Thames Tributary Effra
Springs rise here which flow to join the Effra
Post to the north Knight's Hill
Post to the east Upper Norwood
Post to the south Norbury Park
2 18th-19th cottage. Brick and dates from the days of the Great North Wood.
4 18th-19th cottage. Stuccoed, with a porch.
Flats a two-storey row of workmen's dwellings from 1889.
Springfield. Site of old house on the corner of what is now Biggin Hill demolished 1910. Cedar from the ground still there behind the modern houses. Dickens visited the house and is to have written David Copperfield under the tree. There was a chalybeate spring in the garden – and there were others in the area. These are the springs that feed the EffraSt. Joseph’s College. Roman Catholic Mathematics and computing College run by the Christian Catholic order of the De La Salle brothers. Originally called Grecian Villa it was built in 1839, in 1883, added to in the 20th. The style is Edwardian Classical to neo-Georgian. It was originally a private mansion, designed on a princely scale in 1883 by George Highton for Mr. E. J. Fry at a cost of £5,389,
262 Conquering Hero. This is the only pub of this name. In 1865 a lease on the site was bought for £6, which was passed to the church for the local poor. Sold to Noakes Brewery in 1894, then to Courage and later to Scottish and Newcastle.
315 Norfolk Court Hotel. Corner of Biggin Hill. Demolished.
Crown Pond at the top of Norbury Hill. It was once a watering place for horses and cattle, with a railing across the middle to prevent the animals straying into the deeper water. It also called the Big Pond and used for winter skating.
Biggin Wood ancient woodland on a South West facing slope on clay. Part of the chain of sessile oak woods this was a coppice belonging to Biggin Farm. It was opened to the public in the 1950s having been acquired by LB Croydon. A bank of elm suckers surrounds the entrance but past the central concrete path is old oak coppice leading to an ancient boundary ditch with oak pollards. In the North East are snowberry and laurel. On the central slope are flowering plants indicative of ancient woodland - stitchwort, celandine and lords and ladies among bramble. In the south is an oak plantation with a small brook running along the eastern edge.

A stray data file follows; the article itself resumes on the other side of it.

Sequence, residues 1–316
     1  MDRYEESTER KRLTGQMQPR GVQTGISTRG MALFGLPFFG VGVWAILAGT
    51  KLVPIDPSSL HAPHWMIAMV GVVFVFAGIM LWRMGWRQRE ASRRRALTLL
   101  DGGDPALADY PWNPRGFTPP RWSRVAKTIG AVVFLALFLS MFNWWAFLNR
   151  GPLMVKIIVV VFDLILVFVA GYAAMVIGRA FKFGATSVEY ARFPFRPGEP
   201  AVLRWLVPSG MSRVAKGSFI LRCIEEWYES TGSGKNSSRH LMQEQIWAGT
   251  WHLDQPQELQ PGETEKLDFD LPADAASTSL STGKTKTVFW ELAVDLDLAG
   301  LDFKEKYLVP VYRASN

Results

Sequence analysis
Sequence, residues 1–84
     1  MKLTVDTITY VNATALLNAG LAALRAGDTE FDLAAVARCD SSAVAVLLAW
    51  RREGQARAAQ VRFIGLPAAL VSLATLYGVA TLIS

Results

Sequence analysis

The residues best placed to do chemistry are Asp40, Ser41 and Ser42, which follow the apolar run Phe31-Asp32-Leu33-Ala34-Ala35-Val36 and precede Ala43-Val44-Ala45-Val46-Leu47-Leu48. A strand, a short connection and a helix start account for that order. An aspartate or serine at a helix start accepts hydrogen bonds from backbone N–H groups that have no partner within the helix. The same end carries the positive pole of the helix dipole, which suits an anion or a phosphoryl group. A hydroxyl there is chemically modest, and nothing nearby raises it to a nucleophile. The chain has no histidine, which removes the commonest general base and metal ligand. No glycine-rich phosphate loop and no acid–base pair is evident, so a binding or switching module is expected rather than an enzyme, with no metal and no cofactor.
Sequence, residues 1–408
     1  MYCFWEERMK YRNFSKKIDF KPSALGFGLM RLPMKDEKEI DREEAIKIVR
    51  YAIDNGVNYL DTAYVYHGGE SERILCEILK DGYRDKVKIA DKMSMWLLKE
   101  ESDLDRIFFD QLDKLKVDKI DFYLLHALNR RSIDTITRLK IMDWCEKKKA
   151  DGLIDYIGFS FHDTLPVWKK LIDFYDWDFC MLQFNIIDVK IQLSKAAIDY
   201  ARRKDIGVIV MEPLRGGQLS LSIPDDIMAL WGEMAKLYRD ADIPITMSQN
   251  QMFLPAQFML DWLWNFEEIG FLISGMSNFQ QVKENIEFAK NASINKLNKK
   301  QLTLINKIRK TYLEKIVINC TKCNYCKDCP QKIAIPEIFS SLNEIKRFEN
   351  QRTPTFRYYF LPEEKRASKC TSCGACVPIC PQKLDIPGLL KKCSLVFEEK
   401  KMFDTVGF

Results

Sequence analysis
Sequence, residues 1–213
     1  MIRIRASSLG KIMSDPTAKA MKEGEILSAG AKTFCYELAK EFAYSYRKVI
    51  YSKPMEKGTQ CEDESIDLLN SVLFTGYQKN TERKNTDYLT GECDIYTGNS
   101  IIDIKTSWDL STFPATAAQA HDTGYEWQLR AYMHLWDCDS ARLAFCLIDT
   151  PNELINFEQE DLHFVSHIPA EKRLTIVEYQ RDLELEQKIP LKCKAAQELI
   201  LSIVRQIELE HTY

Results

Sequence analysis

Known in 1523 as "Cubgate Hill" and in 1800 this was the only road between Beulah Hill and Green Lane.
Norwood Grove was part of Great Streatham Common, recorded at Domesday as Lime Common. Between Norbury and Tulse Hill. In 1635 part was enclosed by the Duke of Portland for sport.
Norwood Grove house. Called Copgate in 1746 Later known as Norbury Grove and owned by T. Mills Esq. In 1847 leased to Arthur Anderson, who from poor origins went on to form the Peninsular and Oriental Steam Navigation Company in 1840. From 1878it was occupied by Frederick Nettlefold whose father was the founder of Nettlefolds Ltd brass founder's and iron monger. The house was sold to Croydon Corporation in 1913. The Mansion known locally as "White House" is early 19th it is now smaller than it was following bombing,
Fountain with figures, showing the months of the year, holding a large flat dish into which the water spills. Nearby is the bird bath commemorating Mr, Covington
Orangery a pleasant shelter surmounted by two glass domes.
Line of old oaks down the left hand side of the field marks the boundary with Croydon.
Lodge. Mid c 19 by the drive.
Recreation Ground. Nice park with mature trees which lead to mulberry etc. oak, cedar, Gorse, Scots pine, squirrels.
Copgate Path. Path to the Rookery, hazel bramble gorse squirrels.
45 home of Will Hay 1927-1934. Plaque unveiled by Roy Hudd.